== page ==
Archive for March 20th, 2009

Kundra takes leave of absence from federal CIO post

Friday, March 20th, 2009

Computer World:

March 13, 2009 (Computerworld) WASHINGTON — The fallout from Thursday’s arrests of a District of Columbia IT security official and contractor quickly raised questions about the fate of Vivek Kundra, the new federal CIO who until recently ran the office now mired in bribery allegations.

Until his appointment by President Barack Obama as CIO less than two weeks ago, Kundra was chief technology officer for the District of Columbia. But yesterday, Kundra’s former ninth-floor office in a downtown government building was a crime scene. A police officer was stationed in the office lobby while investigators searched through records.

2009 Cavalier Film Festival

Friday, March 20th, 2009

JCCC:

CALLING ALL FILMMAKERS: ENTRIES DUE MARCH 23 FOR CAVALIER FILM FESTIVAL

Get ready for the 2009 Cavalier Film Festival! Students are invited to submit their film work to be viewed and judged by film professionals in the greater Kansas City area. In addition to receiving valuable critiques, students will have the opportunity to have their work viewed on the big screen, as well as receive valuable awards and prizes! Don’t miss this exciting opportunity!

Entries must be turned in with a completed entry form by 5 p.m. by Monday, March 23, at the Student Information Desk, 106 SC.

More information and printable entry forms can be found at www.jccc.edu/filmfest

Please contact Morgan at mhonnol1@jccc.edu or ext. 7657 for more information or details.

KU paper: Leadership changes come during an uncertain time

Friday, March 20th, 2009

KU University Daily Kansan:

The University Administration faces major changes as the University bids farewell to Chancellor Robert Hemenway and Provost Richard Lariviere. In these economically uncertain times, both top-ranking positions will need to be filled quickly by a search committee selected by the Kansas Board of Regents.

In December, Hemenway, after 14 years of leadership, announced that he would retire at the end of the 2008-2009 academic year.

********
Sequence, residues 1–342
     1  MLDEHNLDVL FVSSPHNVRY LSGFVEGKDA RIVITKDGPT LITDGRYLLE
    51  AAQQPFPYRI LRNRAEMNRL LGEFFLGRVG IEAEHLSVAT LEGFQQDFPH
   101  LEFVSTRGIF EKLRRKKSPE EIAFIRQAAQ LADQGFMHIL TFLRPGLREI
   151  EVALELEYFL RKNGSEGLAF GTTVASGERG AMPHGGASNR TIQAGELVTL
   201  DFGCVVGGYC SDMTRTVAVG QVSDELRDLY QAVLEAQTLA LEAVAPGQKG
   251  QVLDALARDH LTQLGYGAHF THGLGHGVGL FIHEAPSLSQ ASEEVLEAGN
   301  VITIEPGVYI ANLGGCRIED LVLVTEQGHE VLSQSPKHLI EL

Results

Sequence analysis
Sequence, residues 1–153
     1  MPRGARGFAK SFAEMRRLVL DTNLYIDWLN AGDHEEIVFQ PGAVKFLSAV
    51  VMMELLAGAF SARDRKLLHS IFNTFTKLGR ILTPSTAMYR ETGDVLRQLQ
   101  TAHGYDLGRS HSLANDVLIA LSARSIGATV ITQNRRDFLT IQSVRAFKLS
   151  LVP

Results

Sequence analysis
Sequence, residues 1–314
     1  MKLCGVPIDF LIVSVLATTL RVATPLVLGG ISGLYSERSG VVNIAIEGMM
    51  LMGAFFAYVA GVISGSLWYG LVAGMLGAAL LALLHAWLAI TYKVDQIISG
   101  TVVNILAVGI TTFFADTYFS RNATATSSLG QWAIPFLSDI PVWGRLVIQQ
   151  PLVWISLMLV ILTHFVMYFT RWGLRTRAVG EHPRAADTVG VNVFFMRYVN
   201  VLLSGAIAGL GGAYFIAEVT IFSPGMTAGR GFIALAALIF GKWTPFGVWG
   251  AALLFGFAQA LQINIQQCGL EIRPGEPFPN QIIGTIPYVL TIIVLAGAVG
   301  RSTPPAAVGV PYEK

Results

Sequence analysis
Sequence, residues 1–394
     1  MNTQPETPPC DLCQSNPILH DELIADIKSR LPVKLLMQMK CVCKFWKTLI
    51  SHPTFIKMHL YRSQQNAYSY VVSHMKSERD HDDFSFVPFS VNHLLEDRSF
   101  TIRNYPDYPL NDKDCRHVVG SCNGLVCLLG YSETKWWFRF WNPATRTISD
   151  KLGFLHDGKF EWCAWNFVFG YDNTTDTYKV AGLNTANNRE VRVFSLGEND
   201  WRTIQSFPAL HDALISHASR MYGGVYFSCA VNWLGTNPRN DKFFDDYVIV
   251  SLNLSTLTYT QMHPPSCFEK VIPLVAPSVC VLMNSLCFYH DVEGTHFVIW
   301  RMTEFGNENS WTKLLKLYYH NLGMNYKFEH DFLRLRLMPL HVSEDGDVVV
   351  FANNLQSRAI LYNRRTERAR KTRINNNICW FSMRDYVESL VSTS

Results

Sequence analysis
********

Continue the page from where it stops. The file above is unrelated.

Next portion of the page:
As the University’s chief executive, Hemenway directed all the University’s campuses, research facilities and educational centers.

On March 2, Hemenway announced that Lariviere, provost and executive vice chancellor, had been selected to become the president of the University of Oregon, a position he would take on July 1.

As the chief operations and academic officer on the Lawrence and Edwards campuses, Lariviere is tasked with fulfilling the mission of the University alongside the chancellor, administrators, faculty, staff and students. Lariviere has been at the University for three years.

Webinar: Increasing Cognitive Engagement in the Online Classroom

Friday, March 20th, 2009

JCCC:

INCREASING COGNITIVE ENGAGEMENT ONLINE IS TOPIC OF MARCH 26 WEBINAR

In a traditional classroom, it doesn’t take Miss Marple to detect students’ lack of engagement. The heavy eyelids … the doodling … the faint, furious scrabbling of text messages. Caps pulled down, heads in hands, heads on desks.  Subtle, it’s not.

Things are different in an online classroom. You don’t really know how students are reacting: whether they’re fully engaged or even fully awake.  Certainly the risks of disengagement are high. Online students don’t experience the social elements – the group dynamics – that lend immediacy to the traditional classroom. And wherever they are, they’re presented with substantially greater opportunities for distraction. If they’re feeling bored, it’s simple enough to pick up a phone, a video game or the car keys.